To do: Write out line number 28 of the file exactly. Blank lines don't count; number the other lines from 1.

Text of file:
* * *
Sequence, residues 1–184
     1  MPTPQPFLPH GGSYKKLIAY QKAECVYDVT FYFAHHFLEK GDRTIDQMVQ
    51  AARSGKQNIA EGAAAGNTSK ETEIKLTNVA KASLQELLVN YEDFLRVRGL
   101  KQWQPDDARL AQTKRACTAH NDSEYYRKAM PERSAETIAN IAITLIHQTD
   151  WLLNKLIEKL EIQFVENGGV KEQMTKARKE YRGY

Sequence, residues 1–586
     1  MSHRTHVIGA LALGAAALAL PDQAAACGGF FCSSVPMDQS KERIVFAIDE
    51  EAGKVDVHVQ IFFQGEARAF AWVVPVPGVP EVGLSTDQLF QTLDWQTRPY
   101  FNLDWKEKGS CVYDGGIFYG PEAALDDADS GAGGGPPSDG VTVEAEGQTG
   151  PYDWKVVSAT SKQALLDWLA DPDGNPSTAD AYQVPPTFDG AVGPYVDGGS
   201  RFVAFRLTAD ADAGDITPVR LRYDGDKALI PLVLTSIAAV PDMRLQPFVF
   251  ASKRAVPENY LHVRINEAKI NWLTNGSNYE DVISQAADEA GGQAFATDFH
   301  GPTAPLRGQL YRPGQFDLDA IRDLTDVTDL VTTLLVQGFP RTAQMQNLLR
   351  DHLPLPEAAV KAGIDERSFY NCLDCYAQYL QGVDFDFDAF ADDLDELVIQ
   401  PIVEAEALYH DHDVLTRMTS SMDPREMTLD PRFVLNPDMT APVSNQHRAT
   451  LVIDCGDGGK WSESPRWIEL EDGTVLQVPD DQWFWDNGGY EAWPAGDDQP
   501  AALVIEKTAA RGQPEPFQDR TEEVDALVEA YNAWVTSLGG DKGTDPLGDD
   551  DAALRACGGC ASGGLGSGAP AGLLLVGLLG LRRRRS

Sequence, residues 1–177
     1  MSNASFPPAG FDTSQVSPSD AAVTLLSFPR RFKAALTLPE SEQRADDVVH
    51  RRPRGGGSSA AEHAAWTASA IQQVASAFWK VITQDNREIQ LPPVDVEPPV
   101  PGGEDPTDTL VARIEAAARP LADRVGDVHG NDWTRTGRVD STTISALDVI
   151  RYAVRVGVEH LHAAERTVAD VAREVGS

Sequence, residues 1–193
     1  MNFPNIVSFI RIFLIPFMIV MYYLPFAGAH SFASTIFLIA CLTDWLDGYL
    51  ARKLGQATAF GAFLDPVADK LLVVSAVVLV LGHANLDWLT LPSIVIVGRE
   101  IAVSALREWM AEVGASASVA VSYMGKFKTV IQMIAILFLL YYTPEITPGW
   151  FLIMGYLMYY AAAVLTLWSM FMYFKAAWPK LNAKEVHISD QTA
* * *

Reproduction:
   151  FLIMGYLMYY AAAVLTLWSM FMYFKAAWPK LNAKEVHISD QTA